Nearly 52,000 autorickshaws went off the roads in Pune and Pimpri Chinchwad to protest against what they claimed was ‘illegal ferrying’ of the city’s passengers by radio cabs. Autorickshaw owners are feeling the heat of competition from radio cabs and have made it the main issue of their one-day strike in Pune. A lot of their anger was targeted at the radio cabs in Pune and fear of clashes forced radio cab operators to stay off roads on Monday.
The Rickshaw Panchayat, representing a majority of the autorickshaw owners and drivers, in the region participated in a near total strike on Monday. Nitin Pawar, convenor of the Rickshaw Panchayat said there was no level-playing field and they had to face unequal competition from radio cabs. “We are subject to all kinds of regulations while the radio cabs are given a free run. They are all running as tourist taxis but are picking up intra-city passengers just like the autorickshaws do without clearance from the regulators,” Pawar said. The radio cabs were also charging fares lower than the autorickshaws while they had to follow a regulated fare structure, Pawar said.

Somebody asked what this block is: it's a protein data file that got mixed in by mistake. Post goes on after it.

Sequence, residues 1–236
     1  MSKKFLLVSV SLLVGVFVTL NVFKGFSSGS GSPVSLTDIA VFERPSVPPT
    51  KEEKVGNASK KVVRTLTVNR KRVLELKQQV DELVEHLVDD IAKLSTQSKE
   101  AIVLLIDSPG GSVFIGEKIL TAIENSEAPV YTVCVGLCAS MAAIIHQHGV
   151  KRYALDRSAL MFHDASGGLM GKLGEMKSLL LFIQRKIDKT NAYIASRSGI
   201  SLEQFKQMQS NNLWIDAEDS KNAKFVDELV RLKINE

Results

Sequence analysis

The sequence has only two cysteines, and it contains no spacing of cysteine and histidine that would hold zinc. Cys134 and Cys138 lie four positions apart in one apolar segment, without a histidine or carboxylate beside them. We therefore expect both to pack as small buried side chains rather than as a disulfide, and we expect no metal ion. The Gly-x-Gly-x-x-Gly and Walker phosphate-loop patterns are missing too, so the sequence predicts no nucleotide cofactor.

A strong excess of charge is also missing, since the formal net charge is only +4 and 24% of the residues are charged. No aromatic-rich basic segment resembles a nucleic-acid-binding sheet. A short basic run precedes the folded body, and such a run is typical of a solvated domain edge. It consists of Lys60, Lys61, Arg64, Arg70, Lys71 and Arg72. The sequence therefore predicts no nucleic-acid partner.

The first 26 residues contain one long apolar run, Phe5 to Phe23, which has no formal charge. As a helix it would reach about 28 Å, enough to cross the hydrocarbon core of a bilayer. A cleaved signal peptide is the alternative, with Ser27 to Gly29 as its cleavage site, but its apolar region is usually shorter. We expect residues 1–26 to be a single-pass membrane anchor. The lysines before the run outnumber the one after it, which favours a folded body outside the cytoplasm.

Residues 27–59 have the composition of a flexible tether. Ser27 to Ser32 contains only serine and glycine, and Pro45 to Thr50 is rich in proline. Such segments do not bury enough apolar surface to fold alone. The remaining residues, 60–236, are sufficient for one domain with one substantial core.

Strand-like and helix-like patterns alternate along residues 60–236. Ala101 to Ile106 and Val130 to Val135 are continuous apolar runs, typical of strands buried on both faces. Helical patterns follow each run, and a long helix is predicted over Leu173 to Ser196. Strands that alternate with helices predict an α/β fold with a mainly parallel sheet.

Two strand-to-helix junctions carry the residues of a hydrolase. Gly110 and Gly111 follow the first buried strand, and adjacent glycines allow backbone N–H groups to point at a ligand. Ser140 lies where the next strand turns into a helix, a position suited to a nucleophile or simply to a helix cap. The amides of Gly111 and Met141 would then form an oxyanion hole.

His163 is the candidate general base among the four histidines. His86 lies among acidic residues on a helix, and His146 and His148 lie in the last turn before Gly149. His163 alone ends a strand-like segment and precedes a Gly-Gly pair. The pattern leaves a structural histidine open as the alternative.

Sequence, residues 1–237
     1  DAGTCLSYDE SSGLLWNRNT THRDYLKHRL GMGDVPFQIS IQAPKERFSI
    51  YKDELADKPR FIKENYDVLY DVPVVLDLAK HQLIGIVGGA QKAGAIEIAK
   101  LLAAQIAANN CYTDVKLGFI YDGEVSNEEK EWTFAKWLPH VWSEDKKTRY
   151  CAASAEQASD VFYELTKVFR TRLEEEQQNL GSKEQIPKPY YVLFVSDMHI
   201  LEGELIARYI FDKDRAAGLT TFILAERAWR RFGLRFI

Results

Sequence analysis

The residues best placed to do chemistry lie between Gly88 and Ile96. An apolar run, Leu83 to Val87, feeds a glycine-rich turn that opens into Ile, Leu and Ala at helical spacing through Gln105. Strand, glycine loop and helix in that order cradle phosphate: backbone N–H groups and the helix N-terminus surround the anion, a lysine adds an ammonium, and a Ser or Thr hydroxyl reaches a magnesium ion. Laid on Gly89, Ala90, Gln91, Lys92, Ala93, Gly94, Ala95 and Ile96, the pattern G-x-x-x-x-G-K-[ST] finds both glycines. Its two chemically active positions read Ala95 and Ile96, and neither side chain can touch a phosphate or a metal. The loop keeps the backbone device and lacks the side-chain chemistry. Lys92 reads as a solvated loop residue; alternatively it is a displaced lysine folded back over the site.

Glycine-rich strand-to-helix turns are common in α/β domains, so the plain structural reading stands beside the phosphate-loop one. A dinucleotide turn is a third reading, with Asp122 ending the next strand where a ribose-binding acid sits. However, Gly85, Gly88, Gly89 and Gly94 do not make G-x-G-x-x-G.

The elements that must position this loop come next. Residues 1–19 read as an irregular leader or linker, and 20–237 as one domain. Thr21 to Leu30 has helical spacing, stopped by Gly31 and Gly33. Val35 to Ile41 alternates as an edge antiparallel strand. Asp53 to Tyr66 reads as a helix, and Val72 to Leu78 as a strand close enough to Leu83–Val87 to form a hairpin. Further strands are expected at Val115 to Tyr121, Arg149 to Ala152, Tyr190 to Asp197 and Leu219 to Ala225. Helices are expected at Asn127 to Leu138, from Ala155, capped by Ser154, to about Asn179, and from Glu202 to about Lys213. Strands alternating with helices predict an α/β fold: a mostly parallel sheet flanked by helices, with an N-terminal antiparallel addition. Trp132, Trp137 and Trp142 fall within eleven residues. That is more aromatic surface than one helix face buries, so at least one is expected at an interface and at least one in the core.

Pune has had a radio taxi service from a Pune-based company, Wings Radio Cab, since 2008-09 which saw an opportunity to fill in the gap in the city’s transport infrastructure and had been running successfully since then. But Wings Radio Cabs is not an aggregator of taxis and had its own fleet of around 500 vehicles as well as a fleet through a shared ownership model with cab drivers. The entry of an aggressive Ola Cabs has lead to the sudden expansion of radio cabs in Pune in the last one year.